When you take BSD software and combine it with GPL software into a single work, the resulting combination must be distributed under the terms of the GPL (GPLv2 s2b). That isn't relicensing; it's adding the requirements of the GPL to those of the BSD licence in regard to the conveyed work. This is possible because the BSD licence does not forbid it, and because the resulting obligations aren't self-inconsistent and the resulting permissions are non-zero.

It also means that a third party could not take the BSD work back out of the combined work while leaving the obligations of the GPL behind. However, although the BSD-code-as-modified-by-you is part of this greater work, if it stands alone as a work you are free to distribute it separately under the terms of e.g. the BSD licence. People who would like to use it under those terms are free to read in the GPL program's sources that (e.g.) "librobalni is available from https://librobalni.example.org", and go and get it from you under a BSD licence. GPLv2 was pretty clear about this, in s2 (italics mine):

If identifiable sections of that work are not derived from the Program, and can be reasonably considered independent and separate works in themselves, then this License, and its terms, do not apply to those sections when you distribute them as separate works. But when you distribute the same sections as part of a whole which is a work based on the Program, the distribution of the whole must be on the terms of this License

So, to answer your questions:

Is it possible to do this even if the added BSD-code is not 100% independent (it requires the GPL-code to work correctly)? It can still be somewhat considered a separate work since it was developed as a separate project, but then modified by me to combine it with the GPLv2-code.

The code was developed as a separate project, so it seems to me it's still likely to stand alone. Adding to it can't have made it smaller. No library can function without being linked into something, so merely not functioning without some more code is no bar to it being a project in its own right.

Therefore, although your modified BSD code must also be under the terms of GPL as part of the big project, it can be distributed on its own under just-BSD by you.

  • The legal domain can have some truly startling properties, so I want to be sure I understand this answer correctly. Suppose Alice distributes her own BSD work to Bob, and then Bob includes it in a larger GPL work. Later, Charles strips out all of Bob's work, leaving exclusively Alice's work (but Charles never interacted with Alice). I understand this answer to mean that if Charles distributed a derivative of that stripped work (which includes none of Bob's work) in a GPL-incompatible way, then Charles would run afoul of the GPL requirements of Bob's license grant. – apsillers Jul 31 '18 at 19:14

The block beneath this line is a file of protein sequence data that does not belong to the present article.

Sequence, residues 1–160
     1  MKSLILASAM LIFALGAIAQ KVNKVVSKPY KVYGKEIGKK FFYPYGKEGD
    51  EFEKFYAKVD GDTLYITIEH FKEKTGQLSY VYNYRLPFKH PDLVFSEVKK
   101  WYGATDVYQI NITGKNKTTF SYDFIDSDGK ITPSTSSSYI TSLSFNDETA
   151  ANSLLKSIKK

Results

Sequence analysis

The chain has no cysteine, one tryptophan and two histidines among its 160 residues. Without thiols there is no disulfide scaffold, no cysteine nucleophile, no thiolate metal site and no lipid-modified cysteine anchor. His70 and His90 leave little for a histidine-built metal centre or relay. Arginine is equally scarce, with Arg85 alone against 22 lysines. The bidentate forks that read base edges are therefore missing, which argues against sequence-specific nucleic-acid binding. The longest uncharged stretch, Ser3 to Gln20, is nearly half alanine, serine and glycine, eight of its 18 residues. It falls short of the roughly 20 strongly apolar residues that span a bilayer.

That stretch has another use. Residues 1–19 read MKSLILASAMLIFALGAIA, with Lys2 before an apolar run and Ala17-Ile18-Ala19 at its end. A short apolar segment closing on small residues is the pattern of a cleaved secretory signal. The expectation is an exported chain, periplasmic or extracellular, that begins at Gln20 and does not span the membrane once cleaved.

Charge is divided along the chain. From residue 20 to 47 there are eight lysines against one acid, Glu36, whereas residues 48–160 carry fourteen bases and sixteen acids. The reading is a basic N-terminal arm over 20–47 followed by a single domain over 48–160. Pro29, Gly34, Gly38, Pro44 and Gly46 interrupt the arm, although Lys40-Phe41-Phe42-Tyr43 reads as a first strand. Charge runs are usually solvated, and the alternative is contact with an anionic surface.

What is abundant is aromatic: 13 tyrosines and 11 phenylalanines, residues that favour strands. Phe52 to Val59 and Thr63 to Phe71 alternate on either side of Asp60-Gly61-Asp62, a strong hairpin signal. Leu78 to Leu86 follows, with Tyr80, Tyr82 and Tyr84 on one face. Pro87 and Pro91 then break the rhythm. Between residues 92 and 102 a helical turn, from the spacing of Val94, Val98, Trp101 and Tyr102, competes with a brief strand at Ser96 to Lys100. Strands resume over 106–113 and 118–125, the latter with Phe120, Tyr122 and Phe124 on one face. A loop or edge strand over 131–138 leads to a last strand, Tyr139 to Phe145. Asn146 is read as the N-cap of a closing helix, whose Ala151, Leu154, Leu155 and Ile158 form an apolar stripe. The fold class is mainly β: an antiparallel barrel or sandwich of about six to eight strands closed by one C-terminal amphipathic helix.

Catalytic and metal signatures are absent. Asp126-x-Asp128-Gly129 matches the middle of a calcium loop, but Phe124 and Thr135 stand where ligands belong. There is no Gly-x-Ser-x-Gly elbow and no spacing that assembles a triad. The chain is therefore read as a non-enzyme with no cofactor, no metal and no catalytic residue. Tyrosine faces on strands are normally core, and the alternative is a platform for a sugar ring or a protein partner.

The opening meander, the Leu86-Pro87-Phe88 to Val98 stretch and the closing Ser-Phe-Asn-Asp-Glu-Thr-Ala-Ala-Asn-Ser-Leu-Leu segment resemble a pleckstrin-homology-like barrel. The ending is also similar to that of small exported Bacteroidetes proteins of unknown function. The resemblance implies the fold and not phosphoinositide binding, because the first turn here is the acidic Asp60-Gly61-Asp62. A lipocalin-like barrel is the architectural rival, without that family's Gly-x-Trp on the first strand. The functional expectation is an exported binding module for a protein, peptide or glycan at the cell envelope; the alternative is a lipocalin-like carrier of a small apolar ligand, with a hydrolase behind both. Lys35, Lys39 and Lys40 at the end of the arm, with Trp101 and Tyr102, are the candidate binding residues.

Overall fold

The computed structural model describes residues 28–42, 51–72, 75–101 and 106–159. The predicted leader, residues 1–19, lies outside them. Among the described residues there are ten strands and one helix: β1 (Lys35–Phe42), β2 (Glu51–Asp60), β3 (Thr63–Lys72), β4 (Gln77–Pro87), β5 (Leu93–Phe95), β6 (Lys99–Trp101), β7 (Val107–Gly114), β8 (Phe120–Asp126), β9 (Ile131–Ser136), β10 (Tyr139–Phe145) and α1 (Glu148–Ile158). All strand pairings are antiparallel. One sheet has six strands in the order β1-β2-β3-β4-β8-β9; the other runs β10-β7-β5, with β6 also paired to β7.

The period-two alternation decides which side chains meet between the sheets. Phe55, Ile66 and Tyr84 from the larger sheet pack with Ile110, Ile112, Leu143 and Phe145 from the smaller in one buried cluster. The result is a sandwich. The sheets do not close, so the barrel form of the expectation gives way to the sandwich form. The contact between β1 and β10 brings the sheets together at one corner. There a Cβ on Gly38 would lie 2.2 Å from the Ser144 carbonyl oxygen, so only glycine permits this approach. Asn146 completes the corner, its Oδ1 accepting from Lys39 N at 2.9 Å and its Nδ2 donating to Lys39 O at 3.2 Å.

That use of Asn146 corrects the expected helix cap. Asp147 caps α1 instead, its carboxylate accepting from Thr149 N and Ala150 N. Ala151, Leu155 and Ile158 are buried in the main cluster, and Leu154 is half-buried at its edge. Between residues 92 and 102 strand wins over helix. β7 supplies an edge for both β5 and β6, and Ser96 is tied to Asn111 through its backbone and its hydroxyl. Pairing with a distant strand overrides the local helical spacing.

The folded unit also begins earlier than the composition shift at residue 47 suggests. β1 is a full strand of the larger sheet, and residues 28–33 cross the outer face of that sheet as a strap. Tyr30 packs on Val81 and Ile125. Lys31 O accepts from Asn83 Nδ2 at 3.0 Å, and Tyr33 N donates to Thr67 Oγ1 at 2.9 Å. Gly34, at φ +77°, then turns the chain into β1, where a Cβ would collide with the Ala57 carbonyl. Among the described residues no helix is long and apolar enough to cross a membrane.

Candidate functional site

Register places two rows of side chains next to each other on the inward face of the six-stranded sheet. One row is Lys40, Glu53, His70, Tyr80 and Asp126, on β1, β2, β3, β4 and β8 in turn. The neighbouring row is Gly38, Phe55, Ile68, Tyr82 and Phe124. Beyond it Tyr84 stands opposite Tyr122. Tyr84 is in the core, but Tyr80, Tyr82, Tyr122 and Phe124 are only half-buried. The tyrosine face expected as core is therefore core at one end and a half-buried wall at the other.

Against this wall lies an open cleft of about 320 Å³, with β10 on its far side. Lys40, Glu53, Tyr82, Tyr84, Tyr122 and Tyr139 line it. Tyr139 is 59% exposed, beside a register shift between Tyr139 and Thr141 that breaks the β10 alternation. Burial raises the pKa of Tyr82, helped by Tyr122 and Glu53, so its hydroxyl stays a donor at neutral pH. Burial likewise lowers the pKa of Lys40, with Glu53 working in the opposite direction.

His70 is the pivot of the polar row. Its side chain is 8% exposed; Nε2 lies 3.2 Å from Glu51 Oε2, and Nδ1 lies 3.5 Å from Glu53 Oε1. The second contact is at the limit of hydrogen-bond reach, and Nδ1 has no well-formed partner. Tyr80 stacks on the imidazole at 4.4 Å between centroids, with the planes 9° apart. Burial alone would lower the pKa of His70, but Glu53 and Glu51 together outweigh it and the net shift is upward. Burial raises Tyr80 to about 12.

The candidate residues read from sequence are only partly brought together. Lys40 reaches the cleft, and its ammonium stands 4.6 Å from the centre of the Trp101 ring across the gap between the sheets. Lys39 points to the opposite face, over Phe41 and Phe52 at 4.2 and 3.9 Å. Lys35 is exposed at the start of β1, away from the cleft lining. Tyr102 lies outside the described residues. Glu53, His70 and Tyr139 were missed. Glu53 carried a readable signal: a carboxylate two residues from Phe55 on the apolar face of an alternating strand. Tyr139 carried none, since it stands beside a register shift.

• My clarifying question is: are you saying here that Bob could prevail in a suit against Charles based on how he redistributes only Alice's work, purely because Charles received Alice's work from Bob under the GPL? I don't see on what grounds can Bob sue Charles when Bob's copyrighted work is not involved -- but that leads me to think that I might misunderstand the content of your answer. (It's also possible that my model of the players involved is different from what you propose in your answer.) – apsillers Jul 31 '18 at 19:17
  • I edited my question (the part quoted in this answer) to clarify that I did not only modify the BSD code to make it work with the GPL code. I actually added quite a lot of other functionality too, if it makes any difference. – Robalni Jul 31 '18 at 19:56
  • @apsillers "I understand this answer to mean that if Charles distributed a derivative of that stripped work (which includes none of Bob's work) in a GPL-incompatible way, then Charles would run afoul of the GPL requirements of Bob's license grant." yes, that is my understanding. However, your clarifying question gets tied up with who has standing to sue, as well as the grounds on which they might file suit, so I don't propose to address it. – MadHatter supports Monica Jul 31 '18 at 20:22
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The BSD license and the GPLv2 are considered compatible licenses by the Free Software Foundation, and thus joint works that include both licenses are legally distributable. However, all of the terms of the GPLv2 apply to this distribution.

Your modified version of the BSD-licensed code depends on the GPL-licensed code (accoding to you). In that case, the FSF would say that your code can no longer be distributed solely under the BSD license; it must carry the GPL as well, because of the dependancy on GPL-licensed material. This is what's called Linking, and is somewhat debatable but not with out a copyright lawyer on your side. Now, some GPL-licensed projects carry a Linking Exception, which would make your desired licensing scheme legal ... but it's up to the upstream GPL project to carry that rider, you can't add it for them.